Card security technology in the U.S. is like a spinning roulette wheel. No one knows exactly where the ball will land.
Visa recently published plans to encourage U.S. retailers to shift to terminals that support new forms of payment including EMV or Europay-MasterCard-Visa-integrated circuit cards. These terminals, which are widely used in Europe, Asia and other regions, allow consumers to make payments using credit, debit and prepaid cards. The Visa plan also calls for the new terminals to support payments made via mobile phones.
The current difference in terminal technologies across the globe is based on each region’s deployment of telecommunications networks. Real-time authentication of a cardholder requires access to inexpensive telecommunications networks, which the U.S. has had for many years.
In contrast, Europe and Asia were hampered by some of the most expensive telecommunication networks in the world. To work around this challenge, chip card payment systems were developed so authentication could be performed offline. As it turns out, the EMV chip is a robust technology that not only delivers offline authentication, but also stored value, multiple applications in a single environment, contactless payments and the ability to do away with a card form factor altogether.
Visa is now pushing for U.S. implementation of chip technology and cites increased security as the reason. The company said it will let merchants that switch to EMV readers forego annual Payment Card Industry security certifications. Visa has also announced that in 2015, it will require merchants to reimburse issuers for some types of credit card fraud, which can be prevented by using EMV capable terminals. It should be noted that EMV chips can reduce counterfeiting schemes, however, they do not prevent card-not-present fraud.
Key Drivers for Conversion.
A key driver of card payment conversion in the U.S. is the need for consensus on a card security technology. For example, while some fast food and convenience store chains have embraced contactless cards, it remains a very small share of the market. Converting to EMV terminals is going to require a major investment by merchants and justifying that expense requires a standardized, scalable technology. The acceptance environment is looking for a stable, long term solution that will not require re-investment due to additional changes in requirements.
Will merchants invest in EMV terminals? What about consumer and merchant support for mobile contactless payments? Will there be a clear choice or will the marketplace demand flexible terminals that support both technologies?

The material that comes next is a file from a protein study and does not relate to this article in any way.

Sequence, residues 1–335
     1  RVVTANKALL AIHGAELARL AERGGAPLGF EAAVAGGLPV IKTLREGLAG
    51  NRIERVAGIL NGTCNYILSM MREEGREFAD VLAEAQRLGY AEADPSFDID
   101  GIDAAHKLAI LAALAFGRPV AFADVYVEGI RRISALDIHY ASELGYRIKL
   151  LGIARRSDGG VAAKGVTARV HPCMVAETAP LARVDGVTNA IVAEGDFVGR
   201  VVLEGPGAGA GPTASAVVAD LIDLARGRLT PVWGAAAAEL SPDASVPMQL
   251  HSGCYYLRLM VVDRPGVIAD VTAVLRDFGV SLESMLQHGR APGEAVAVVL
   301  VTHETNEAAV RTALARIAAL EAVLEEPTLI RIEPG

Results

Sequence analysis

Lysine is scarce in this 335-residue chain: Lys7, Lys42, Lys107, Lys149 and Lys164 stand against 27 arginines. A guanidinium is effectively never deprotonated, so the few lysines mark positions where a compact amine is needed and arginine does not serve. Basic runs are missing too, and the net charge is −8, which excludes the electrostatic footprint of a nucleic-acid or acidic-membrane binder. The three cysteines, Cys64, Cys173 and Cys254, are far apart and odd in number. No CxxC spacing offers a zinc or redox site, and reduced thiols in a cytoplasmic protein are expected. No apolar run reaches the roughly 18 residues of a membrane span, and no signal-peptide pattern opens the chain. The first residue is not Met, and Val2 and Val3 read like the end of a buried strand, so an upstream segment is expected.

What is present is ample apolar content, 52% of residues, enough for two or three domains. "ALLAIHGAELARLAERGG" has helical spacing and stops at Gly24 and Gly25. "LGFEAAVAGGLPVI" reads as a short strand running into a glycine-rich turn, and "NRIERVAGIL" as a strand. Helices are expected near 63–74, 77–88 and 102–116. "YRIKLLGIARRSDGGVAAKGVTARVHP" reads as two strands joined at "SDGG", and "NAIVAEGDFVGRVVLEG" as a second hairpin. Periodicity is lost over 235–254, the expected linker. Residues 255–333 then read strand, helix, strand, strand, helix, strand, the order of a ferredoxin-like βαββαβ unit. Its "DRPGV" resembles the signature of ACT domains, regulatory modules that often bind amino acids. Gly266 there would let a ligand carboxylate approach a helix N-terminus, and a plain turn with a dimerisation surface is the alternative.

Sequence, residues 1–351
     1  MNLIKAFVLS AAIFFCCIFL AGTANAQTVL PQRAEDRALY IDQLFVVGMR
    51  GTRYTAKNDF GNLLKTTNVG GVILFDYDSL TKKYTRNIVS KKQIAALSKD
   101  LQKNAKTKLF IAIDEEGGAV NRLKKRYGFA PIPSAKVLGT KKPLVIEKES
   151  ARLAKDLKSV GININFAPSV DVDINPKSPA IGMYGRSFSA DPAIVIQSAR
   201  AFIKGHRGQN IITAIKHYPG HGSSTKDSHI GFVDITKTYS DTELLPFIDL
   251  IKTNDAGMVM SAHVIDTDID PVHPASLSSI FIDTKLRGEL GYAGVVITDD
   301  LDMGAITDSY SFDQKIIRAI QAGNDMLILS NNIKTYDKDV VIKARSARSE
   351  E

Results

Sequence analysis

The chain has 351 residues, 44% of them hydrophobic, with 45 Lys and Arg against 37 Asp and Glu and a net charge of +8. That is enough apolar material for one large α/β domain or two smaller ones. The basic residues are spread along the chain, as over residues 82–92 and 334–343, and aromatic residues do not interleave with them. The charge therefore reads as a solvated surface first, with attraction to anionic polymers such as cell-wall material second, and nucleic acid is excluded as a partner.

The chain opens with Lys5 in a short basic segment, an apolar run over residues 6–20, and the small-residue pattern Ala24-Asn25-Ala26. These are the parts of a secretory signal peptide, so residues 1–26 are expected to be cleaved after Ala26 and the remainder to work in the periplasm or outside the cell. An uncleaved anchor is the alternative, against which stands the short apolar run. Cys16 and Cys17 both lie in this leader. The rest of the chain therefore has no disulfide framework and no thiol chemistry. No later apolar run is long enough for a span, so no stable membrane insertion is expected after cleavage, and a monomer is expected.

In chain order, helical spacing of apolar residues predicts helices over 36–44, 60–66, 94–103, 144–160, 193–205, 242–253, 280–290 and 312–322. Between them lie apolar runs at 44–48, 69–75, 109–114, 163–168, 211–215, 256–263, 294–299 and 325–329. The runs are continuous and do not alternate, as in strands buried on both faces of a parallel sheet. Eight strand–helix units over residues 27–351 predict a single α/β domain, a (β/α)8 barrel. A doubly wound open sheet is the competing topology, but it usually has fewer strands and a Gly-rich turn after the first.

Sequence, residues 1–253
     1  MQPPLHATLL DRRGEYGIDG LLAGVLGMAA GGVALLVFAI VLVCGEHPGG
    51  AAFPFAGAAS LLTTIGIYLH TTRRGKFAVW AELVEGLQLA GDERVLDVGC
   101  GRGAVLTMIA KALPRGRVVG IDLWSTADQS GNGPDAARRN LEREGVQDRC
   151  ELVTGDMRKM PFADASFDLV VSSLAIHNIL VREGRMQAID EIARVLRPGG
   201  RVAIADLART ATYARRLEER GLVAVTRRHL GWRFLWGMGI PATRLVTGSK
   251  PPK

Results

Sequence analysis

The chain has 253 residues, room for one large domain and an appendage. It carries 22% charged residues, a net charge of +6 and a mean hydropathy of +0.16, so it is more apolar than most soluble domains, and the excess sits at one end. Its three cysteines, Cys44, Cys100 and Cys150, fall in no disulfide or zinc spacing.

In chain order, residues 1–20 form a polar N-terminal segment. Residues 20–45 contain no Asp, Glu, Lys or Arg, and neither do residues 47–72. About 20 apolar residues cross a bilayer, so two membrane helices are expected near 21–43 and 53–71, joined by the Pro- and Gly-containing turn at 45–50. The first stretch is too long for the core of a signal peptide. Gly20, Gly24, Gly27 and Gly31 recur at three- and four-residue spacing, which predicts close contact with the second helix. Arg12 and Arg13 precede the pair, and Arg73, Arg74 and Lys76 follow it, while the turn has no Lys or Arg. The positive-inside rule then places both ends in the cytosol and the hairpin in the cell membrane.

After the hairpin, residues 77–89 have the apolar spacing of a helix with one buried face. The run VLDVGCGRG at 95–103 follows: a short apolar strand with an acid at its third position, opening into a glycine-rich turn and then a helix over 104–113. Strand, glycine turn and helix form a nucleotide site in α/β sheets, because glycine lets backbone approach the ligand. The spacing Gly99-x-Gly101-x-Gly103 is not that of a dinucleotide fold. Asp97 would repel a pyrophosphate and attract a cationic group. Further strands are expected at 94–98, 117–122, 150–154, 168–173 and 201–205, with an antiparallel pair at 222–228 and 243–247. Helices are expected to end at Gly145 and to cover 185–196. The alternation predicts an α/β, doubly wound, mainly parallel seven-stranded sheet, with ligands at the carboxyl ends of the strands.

The U.S. market currently appears to be in a wait and see stance about Visa’s newly issued rules. This is a classic chicken and egg dilemma. Issuers want to provide modern plastics that meet consumer demand for the convenience offered by EMV and contactless technologies. However, the utility of these new acceptance forms depends upon merchants making a major investment to upgrade terminals so they can process these payments, while the large U.S. issuers squeezed by the consequences of the Durbin Amendment reducing debit interchange evaluate the value proposition of EMV cards.
EMV Cards Offer Benefits for Overseas Travel. Because of the lack of a dominant technology, it is important that credit unions are engaged and educated about the functionality and risk management benefits of each platform. Before you initiate widespread portfolio changes, assess your membership’s card usage and then offer EMV or contactless cards to targeted members. The vast majority of overseas terminals will accept standard magnetic stripe cards. However, there are situations where unattended terminals and kiosks associated with public transit, parking facilities and ATMs require chip cards for transacting.
EMV cards offer full functionality for members who travel outside the U.S. Credit unions that promote their ability to provide EMV cards can position themselves as current and relevant in today’s market. To address the needs of overseas travelers, credit unions can also issue prepaid EMV cards that are funded with debit or credit cards.
For members who live and work overseas, EMV credit or debit cards are a much better fit. We encourage credit unions to promote EMV cards to their government, military or professional members who spend significant time abroad. It demonstrates the credit union’s ability to support new technology and serve members’ needs.
It’s also important to align your portfolio to take advantage of mobile payment opportunities by targeting heavy debit card users with a mobile debit card.
Take a Proactive Approach to Gain Market Share.
Credit unions need to watch the roulette wheel as it spins so they can take action when the time is right. Any change in technology represents an opportunity to build market share. Credit unions can evaluate their membership and design plans to roll out new cards. Then, when the timing is right, they can be first to market with cards that both meet consumer demand and demonstrate technology leadership.
Mike Kelly is president/CEO of PSCU Financial Services. Contact 727-571-4656 or firstname.lastname@example.org